In the wake of the market’s reaction to the insolvency of Lehman Brothers, too interconnected has been advocated as another principle for not letting a bank fail. Under IFRS this might not be a separate principle from the usual too big to fail, since most interconnections show up in the balance sheet, but not under GAAP. This difference between IFRS and GAAP could resolve to some extent the mystery of why the US authorities were surprised by the extent of the market reaction to the failure of Lehman. Lehman’s balance sheet (total assets around $600 billion, not far from Goldman Sachs) reflected GAAP and thus did not show the extent of the exposure of other market participants. The example from Goldman Sachs suggests that the balance sheet of Lehman under IFRS would have been several times larger, thus giving a better picture of the importance of Lehman. A balance sheet under IFRS would thus give a better picture of the exposure of the bank itself to counterparty risk. Assume a bank has a large amount of derivatives contracts outstanding, but without any significant net exposure. It could still make very large losses in case important counterparties fail and netting arrangements do not work or the pricing of the contracts is distorted, as happens typically in a systemic crisis. This is why the highly leveraged European banks came under such intensive pressure during the acute phase of the crisis.

High leverage should be a warning

Unfortunately, there has been no reduction in leverage since the “Mother of all bailouts” of the autumn of 2008 (see Gros and Micossi 2008).

As Table 1 below shows the average leverage ratio of the 15 largest EU banks is exactly at the same level (28.7) as in late 2007, before the crisis. Measured leverage increased temporarily to 35 during the crisis because the increase in volatility increased the value of most derivates. The fact that leverage is still at the same level as at the peak of the credit bubble should be seen as a warning. Should disorderly market conditions return, European policymakers could be faced with similar problems. It is likely that in the US leverage has also not declined if one takes into account “off balance” derivative exposure, but this is not possible to document at this stage.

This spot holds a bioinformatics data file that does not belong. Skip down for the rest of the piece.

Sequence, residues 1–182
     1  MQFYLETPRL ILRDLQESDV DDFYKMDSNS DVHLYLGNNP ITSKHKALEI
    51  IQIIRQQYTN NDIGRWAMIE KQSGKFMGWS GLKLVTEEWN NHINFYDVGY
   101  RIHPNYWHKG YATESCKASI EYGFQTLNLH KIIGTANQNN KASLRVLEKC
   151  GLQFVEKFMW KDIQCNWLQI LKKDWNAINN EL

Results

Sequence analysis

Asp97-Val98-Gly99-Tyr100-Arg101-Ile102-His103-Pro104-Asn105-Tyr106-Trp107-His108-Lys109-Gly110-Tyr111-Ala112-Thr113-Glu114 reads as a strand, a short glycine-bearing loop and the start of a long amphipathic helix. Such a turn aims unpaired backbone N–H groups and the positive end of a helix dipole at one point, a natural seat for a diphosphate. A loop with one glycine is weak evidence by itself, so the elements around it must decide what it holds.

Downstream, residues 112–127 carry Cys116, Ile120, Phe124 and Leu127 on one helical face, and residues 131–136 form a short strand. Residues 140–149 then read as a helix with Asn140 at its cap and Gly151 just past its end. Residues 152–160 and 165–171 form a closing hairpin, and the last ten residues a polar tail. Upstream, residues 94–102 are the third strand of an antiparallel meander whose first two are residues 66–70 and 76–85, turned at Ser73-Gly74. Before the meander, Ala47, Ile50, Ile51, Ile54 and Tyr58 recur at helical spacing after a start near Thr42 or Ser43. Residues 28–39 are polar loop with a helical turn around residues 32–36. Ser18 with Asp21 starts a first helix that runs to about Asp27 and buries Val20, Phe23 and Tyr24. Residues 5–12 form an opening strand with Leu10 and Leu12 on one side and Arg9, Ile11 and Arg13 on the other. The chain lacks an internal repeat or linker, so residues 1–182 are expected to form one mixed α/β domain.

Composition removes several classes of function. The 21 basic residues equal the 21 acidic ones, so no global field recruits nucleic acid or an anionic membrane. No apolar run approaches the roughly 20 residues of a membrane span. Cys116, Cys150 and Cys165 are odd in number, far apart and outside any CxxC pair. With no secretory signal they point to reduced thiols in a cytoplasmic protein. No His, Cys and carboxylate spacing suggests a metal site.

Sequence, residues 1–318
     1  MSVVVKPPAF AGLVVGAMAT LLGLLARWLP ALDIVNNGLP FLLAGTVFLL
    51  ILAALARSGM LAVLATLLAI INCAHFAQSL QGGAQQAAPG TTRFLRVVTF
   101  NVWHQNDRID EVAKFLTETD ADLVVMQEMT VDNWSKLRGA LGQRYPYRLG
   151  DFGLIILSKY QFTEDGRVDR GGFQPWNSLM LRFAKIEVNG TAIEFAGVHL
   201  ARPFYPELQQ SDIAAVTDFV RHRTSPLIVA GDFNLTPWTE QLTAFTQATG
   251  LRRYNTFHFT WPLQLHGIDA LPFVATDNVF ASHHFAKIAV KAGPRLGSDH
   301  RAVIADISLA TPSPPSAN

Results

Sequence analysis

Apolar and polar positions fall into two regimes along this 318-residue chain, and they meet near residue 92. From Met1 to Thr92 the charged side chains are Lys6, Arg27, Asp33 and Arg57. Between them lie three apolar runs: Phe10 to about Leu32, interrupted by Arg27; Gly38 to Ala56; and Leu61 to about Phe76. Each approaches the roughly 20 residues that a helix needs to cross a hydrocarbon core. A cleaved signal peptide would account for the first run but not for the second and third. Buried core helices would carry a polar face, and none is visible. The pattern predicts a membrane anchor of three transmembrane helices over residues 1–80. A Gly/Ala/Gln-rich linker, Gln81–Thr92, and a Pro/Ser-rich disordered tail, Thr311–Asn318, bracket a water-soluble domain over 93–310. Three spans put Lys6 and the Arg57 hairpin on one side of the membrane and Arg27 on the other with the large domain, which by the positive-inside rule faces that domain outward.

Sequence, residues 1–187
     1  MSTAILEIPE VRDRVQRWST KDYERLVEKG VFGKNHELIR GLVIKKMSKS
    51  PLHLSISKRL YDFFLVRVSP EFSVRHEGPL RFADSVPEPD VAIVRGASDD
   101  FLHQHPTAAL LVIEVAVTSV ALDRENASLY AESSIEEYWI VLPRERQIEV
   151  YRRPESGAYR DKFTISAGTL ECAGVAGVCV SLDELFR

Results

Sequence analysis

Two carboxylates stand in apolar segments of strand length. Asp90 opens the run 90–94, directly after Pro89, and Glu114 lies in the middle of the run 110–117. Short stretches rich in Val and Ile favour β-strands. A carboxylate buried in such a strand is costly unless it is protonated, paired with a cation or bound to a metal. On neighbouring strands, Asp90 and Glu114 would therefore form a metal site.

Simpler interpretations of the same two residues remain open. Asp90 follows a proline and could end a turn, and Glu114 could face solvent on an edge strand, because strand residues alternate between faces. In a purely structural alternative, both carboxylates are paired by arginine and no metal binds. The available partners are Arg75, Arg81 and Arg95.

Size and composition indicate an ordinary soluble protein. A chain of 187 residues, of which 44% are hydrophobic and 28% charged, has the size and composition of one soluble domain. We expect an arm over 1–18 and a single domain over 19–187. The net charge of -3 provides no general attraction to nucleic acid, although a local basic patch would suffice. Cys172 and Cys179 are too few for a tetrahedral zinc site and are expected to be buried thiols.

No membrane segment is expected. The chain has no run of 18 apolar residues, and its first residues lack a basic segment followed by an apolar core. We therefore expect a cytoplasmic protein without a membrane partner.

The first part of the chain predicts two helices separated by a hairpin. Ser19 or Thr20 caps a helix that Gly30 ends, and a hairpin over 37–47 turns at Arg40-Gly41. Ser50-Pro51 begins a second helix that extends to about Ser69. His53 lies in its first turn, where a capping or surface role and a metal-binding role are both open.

Table 1. Leverage ratio (total assets/equity), average 15 biggest EU banks

June 30 2009
Yearend 2008
Yearend 2007

Source: own computations based on data from FT.com.

In favour of full disclosure

Regulators have also recently expressed their support for fully recording derivate exposure on balance sheets in a recent consultative document of the Basel Committee.

“213. Certain differences in accounting treatments across jurisdictions can have a significant impact on the measurement of a leverage ratio at an international level. The main difference in accounting between IFRS and GAAP arises from the netting of derivatives and repos.

215. Consistent with taking a non-risk based approach and international comparability the proposed measure of exposure does not permit netting.”

This crisis has shown that a full (gross) accounting for all potential exposure, including derivatives, is essential for two reasons:

  • Showing gross derivatives exposure on the balance sheet gives an immediate picture of the interconnectedness of a bank, making it unnecessary to introduce “too interconnected to fail” as an additional criterion.
  • An overall leverage ratio based on derivates measured on a gross basis shows the overall exposure of a bank, especially in a systemic crisis. By contrast, the GAAP (and the usual Basel ratios) just show risk under normal market conditions.

Ackermann, Josef (2009), “Financial Transparency”, presentation, Montreal and Toronto, 19-20 February.

Gros, Daniel and Stefano Micossi (2008), “The beginning of the end game”, VoxEU.org, 20 September.

3,045 Reads